Alone in my hospital room at night I watch tiny particles of dust and fluff swirl beneath the reading lamp. They say dust comprises of dead skin cells, we sweep them away when we clean, removing all trace of our former selves. Our cells are constantly reproducing and every seven years our bodies regenerate anew. Your body is repeatedly recycling itself but not your mind. Your mind is an entirely different story. Our brains become less active, neural pathways die, our memories fade and disappear, we lose skills and alertness, sometimes we even lose our sense of self.
But back in my mean small room, Ward 3A. I’ve been here fourteen weeks now. A reluctant patient, more like prisoner. So every night I sit, sleepless and thoughtless watching the dust and wondering if these are particles of the old me, a shedding of my past life. Occasionally moths enter through the open window and dance wildly in the pool of light, their fragile wings clinking against the electric bulb. Blinded and bewildered they circle. In the morning I find their wispy bodies spent and shrivelled on my sheets.
One morning, when you are least expecting you
wake up a hole
in your abdomen, a salivating
red circle, slap bang middle of the soft
flesh beneath your ribs,
big enough to fit two fingers.
You feel no pain, just uncomfortably numb.
There’s a hole and you can’t recall
what was there before. You try not to look,
put a sock in it and Elastoplast over the top.
After fruitless Googling you
ring in sick and visit the doctor.
She’s wearing lipstick and a feather boa.
She advises vitamin D and camomile tea. Just one of those things, she smiles and hands you
a free whale music CD on your way out.
Next day, you wake feeling cold.
The ceiling is scabbed with mould.
There’s a strange smell in the room, like geraniums.
When you study the hole, it’s become a tunnel
and you cannot see the end.
You shine a torch and for a moment
glimpse the white shriek of an eyeball.
On the last day
you wake before dawn.
The cornflakes taste stale and you’re out of bread.
You worry about office dead
-lines and the state
of the carpet where the cat is digging for gold.
You take a hot bath and try not to look.
Through the opening you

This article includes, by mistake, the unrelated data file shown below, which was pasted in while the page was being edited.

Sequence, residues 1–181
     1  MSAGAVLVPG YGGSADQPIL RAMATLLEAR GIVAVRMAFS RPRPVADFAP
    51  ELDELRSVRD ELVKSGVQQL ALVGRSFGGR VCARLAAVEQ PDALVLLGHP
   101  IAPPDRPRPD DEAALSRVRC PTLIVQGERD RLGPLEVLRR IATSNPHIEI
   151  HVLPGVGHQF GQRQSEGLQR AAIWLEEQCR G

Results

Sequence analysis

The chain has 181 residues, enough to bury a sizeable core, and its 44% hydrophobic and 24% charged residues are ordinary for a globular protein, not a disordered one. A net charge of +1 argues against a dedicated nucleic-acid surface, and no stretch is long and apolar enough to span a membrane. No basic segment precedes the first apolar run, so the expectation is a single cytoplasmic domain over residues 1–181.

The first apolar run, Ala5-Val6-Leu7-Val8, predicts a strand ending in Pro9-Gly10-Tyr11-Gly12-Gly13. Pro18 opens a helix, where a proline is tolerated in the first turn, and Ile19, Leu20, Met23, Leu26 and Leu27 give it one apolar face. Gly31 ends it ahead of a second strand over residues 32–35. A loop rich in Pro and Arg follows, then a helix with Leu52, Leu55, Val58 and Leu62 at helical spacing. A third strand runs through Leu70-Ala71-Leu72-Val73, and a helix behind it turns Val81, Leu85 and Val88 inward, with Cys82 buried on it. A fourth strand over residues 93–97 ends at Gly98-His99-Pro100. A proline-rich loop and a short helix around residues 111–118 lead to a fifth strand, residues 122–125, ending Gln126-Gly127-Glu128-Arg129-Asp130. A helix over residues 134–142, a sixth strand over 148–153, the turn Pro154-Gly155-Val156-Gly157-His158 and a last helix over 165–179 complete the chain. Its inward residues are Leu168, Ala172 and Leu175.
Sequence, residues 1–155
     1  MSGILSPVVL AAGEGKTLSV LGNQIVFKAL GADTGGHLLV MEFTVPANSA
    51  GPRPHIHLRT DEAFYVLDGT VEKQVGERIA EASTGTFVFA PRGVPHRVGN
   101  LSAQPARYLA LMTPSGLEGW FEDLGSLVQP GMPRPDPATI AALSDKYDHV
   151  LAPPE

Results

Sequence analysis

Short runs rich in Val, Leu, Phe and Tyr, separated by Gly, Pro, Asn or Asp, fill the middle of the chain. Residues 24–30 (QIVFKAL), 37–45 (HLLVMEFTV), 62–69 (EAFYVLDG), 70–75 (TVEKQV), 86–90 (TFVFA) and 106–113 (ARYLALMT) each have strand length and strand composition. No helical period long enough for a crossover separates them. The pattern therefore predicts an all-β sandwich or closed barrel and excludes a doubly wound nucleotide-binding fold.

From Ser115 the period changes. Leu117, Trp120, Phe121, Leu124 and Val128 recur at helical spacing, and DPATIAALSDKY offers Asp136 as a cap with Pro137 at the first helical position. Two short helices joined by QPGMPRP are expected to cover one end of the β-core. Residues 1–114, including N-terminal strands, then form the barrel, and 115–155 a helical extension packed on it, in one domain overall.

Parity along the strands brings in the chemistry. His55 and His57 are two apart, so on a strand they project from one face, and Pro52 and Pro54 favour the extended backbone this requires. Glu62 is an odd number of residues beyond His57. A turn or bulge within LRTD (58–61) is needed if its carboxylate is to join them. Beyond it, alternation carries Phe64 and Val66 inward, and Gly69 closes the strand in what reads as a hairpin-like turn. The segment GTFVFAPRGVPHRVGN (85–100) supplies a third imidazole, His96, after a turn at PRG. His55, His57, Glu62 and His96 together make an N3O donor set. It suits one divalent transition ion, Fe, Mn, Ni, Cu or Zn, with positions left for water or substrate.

hear the trill of bird song.
I saw this magical cedar tree with a huge canopy today at the Botanic Gardens, Inverness. It appears to be surrounded by a fairy ring of small foliage plants and immediately reminded me of my favourite W.B. Yeats poem:- ‘The Wind Blows out of the Gates of the Day’
The wind blows out of the gates of the day,
The wind blows over the lonely of heart,
And the lonely of heart is withered away
While the faeries dance in a place apart,
Shaking their milk-white feet in a ring,
Tossing their milk-white arms in the air;
For they hear the wind laugh, and murmur and sing
Of a land where even the old are fair,
And even the wise are merry of tongue;
But I heard a reed of Coolaney say,
‘When the wind has laughed and murmured and sung,
The lonely of heart is withered away!’
1. The scent of lavender and pine on a summer breeze.
2. Sitting under the cherry tree in the noon day sun, light filtering through the leaves like gold satin.
3. Fast-moving, shape-shifting clouds carving up the sky.
4. The premonition of rain in the air and when it falls, the softness on my skin. The way raindrops gather and trickle on the window pane making patterns. The way rain strengthens the colours of leaves and flowers.
5. The miraculous existence of rabbits.
6. Birds that sing at night.
7. The rhythm of the sea, white surf boiling up on the beach after a storm.
8. The cool smoothness of sea pebbles.
9. The darkness of forests, the dry crackle of twigs under foot.
10. Biting into a ripe nectarine, the juice trickling down my chin.